The folks at Apeel opened our eyes to how avocados can have a longer shelf life.
Now Penn State researchers have found a natural antioxidant found in grain bran that could preserve food longer and, even more important, replace synthetic antioxidants currently used by the food industry.
“Currently, there's a big push within the food industry to replace synthetic ingredients with natural alternatives, and this is being driven by consumers,” said Andrew S. Elder, doctoral candidate in food science at Penn State. “Consumers want clean labels—they want synthetic chemical-sounding ingredients removed because of the fact that they don't recognize them, and that some of them (the ingredients) have purported toxicity.”
The Penn State researchers studied a class of compounds available in plants such as wheat, rye and barley, which produce ARs (alkylresorcinols) naturally to prevent mold, bacteria and other organisms from growing on the grain kernels.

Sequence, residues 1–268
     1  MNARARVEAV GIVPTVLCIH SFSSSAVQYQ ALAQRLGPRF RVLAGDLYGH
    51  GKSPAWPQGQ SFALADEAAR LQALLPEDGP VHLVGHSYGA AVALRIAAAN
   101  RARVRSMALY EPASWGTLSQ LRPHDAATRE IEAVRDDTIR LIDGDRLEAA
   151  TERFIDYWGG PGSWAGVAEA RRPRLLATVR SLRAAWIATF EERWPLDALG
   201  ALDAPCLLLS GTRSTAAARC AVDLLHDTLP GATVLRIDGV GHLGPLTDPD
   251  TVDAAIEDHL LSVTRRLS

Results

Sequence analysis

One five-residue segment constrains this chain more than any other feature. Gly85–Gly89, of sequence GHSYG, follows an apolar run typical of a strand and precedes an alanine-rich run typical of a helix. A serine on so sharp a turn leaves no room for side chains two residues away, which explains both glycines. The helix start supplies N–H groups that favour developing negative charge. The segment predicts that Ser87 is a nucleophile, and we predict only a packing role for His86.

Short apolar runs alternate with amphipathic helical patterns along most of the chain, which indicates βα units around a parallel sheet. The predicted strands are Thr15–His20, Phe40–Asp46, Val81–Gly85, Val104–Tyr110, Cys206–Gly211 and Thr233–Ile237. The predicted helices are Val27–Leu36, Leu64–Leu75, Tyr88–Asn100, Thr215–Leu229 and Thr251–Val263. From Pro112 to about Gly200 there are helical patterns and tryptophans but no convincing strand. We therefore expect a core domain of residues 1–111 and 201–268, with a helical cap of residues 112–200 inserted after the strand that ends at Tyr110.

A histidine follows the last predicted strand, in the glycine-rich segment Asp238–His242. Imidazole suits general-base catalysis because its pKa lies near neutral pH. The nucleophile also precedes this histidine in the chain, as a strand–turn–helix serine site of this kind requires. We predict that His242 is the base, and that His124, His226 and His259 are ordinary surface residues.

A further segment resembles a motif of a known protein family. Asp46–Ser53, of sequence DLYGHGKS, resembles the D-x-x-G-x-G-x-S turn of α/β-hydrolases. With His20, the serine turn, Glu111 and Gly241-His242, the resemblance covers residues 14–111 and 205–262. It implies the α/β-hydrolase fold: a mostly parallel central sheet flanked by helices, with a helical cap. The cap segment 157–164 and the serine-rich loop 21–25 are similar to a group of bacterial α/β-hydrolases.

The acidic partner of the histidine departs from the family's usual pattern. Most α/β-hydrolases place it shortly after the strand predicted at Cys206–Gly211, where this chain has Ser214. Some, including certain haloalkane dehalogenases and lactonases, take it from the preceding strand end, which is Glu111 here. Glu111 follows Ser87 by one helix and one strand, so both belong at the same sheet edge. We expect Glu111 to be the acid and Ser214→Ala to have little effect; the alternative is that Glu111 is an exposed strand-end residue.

The journal Frontiers in Pediatrics reports that a bacterial enzyme that is used to improve food texture and shelf-life has been linked in several studies to celiac disease—but it is unlabeled and hidden from public knowledge. Microbial transglutaminase—a bacterial enzyme heavily used in industrial processing of meat, dairy, baked and other food products in order to adhere proteins, include texture, palatability and shelf life—has emerged as the likely culprit.
In Switzerland for example, these products must be labeled as unsuitable for persons with celiac disease.